Kenya’s economic growth rate is expected to drop further to 2.5% from an earlier projection of 3.0%. This is if extreme shocks associated with COVID-19 pandemic persist and global demand remains weak.
These grim figures were disclosed to the Senate recently by AMB Ukur Yatani, National Treasury and Planning Cabinet Secretary.
This revision of Kenya’s economic growth is from the initial 6.1% in 2020. Treasury projects Kenya’s economic growth to rebound in 2021 to grow at 6.0% and reach 6.4% by 2020.
In a meeting with the Senate Committee of COVID-19 to provide some highlights on the macroeconomic effects of the pandemic on the Kenyan economy and related matters, CS Yatani said measures necessary to contain the virus have triggered a social-economic downturn and there is still great uncertainty about its severity and length.
He said closure of borders by world economies has hit Kenya’s economic growth by impacting on trade, tourism, agriculture, manufacturing and other related sectors. Both imports and exports, as well as tourism arrivals, have fallen dramatically.
The Agriculture sector has further been affected by the low global demand for agricultural exports especially horticulture, tea and coffee among others. Collection of Domestic taxes has shrunk due to declining incomes and depressed consumption as the Government enhances COVID-19 containment measures with restrictions in and out of Nairobi, Mombasa, Kwale, Mandera and Kilifi Counties.
Inflation remains within target of between 2.5 to 7.5 percent. The rate was was 6.1% in March 2020 up from 4.4 percent in March 2019 due to higher food prices.
Yatani told the Senate that the Kenya Shilling exchange rate to the dollar has recently experienced some volatility largely due to uncertainties with regard to the impact of COVID-19 and a significant strengthening of the US dollar in the global markets. The Shilling weakened against the US$ to exchange at an average of KSh 103.7 in March 2020 from an average of KSh 100.3 in March 2019. In April 23, 2020, the local unit exchange rate to the dollar weakened to KSh 107.10.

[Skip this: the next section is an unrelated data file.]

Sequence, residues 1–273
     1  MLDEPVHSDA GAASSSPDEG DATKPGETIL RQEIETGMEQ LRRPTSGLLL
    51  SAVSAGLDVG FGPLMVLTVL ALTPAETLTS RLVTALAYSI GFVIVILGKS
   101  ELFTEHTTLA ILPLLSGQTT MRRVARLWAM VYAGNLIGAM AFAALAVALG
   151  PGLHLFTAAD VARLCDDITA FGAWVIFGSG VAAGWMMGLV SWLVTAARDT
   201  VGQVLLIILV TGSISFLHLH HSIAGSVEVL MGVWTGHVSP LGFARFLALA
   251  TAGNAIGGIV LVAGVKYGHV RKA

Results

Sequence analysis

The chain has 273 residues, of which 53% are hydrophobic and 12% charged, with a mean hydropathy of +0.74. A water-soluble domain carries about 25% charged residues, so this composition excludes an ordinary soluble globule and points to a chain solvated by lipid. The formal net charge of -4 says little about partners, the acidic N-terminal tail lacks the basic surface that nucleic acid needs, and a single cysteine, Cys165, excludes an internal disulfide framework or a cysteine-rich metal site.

He said the US$ 8,573.5 million (5.4 months of import cover) reserve continues to provide adequate cover and a buffer against the emerging shocks in the domestic foreign exchange market.
He warned about reduced forex remittances and resultant pressure on reserves held by Central Bank of Kenya (CBK), on the exchange rate. As a result of the lower international oil prices, the oil import bill is expected to be low and will counterbalance the impact of reduced exports particularly horticulture, tea, coffee, transport, tourism services as well as impact of other imports.
At the moment, FDI to Kenya is low with the closure of borders, cautious capital markets and uncertainty among investors as they await for the evolution of the pandemic. Treasury is reporting reduced revenue collections by the tax authority due to impact of COVID-19 on-budget execution.
As at March 2020, Ordinary revenue collection amounted to KSh1,215.8 billion (11.7% of GDP) against a target of KSh1,348.1 billion, a shortfall of KSh. 132.3 billion from target. Excise taxes recorded a shortfall of Ksh.35.2, Income tax (KSh. 39.2 billion), import duty (KSh 17.8 billion) and VAT(Ksh.34.8 billion).
CS Yatani told Senate Ad Hoc COVID-19 committee that while the overall fiscal deficit as at March 2020 was KSh 449.6 Billion, this was 4.3 per cent of GDP meaning that Kenya still has additional headroom for additional borrowing. He disclosed that Kenya has already received assistance from various international lenders to fight COVID-19, including KSh 5.0 billion from the World Bank.
Figures indicate that Kenya’s current debt level is estimated at KSh 6.2 trillion (58% of GDP), below the IMF and World Bank threshold of 74% of GDP. He said that while Kenya has taken steps to reduce its debt levels, the corona virus pandemic may delay the realization of Treasury’s fiscal plan.